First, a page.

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The Organ Donor Register
Last year 2,700 patients – both old and young - received life-saving transplants. These transplants are sometimes the only treatment available for those suffering from disease or failure of a major organ. Nearly everyone would take an organ if they needed one but only 31% of us have joined the register.
The number of people who can benefit from a transplant after an injury or surgery is expected to rise thanks to scientific advances. The kidneys, heart, liver, lungs, pancreas and small bowel can currently be transplanted. Body tissue such as corneas, skin, bone, tendons, cartilage and heart valves can also be used, to restore sight, reconstruct limbs and graft skin. However, the availability of tissue and organs depends on donor-numbers.
Already more than 10,000 people in the UK need a transplant and of these, 1000 each year - that's three a day - will die because there is a shortage of organs available.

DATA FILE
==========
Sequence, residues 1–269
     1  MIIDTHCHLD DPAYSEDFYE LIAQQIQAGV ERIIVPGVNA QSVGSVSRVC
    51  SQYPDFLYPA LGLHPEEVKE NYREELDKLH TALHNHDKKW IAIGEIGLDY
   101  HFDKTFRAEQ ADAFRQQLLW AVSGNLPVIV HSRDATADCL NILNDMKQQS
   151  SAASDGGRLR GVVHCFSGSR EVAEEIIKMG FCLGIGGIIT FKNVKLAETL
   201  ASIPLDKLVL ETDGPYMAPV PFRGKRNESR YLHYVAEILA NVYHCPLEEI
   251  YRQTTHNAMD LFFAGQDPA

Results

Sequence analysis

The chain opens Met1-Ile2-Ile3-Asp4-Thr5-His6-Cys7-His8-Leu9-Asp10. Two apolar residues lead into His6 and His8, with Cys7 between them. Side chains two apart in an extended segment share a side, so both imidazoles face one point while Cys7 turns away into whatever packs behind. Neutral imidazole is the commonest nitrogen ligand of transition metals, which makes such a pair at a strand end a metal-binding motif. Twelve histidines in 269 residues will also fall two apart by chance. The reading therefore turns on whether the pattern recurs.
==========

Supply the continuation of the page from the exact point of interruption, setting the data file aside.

Part of the reason for the shortage of organs is that they have to be transplanted very soon after someone has died and this is only possible in a small number of circumstances. Another major reason for the shortage is that many people have not recorded their wishes about donation.
The Organ Donor Register records people’s agreement to the use of their organs and tissue for transplantation after their death. To find out more about organ donation and to read stories from donor families and patients, visit the NHS Blood and Transplant website.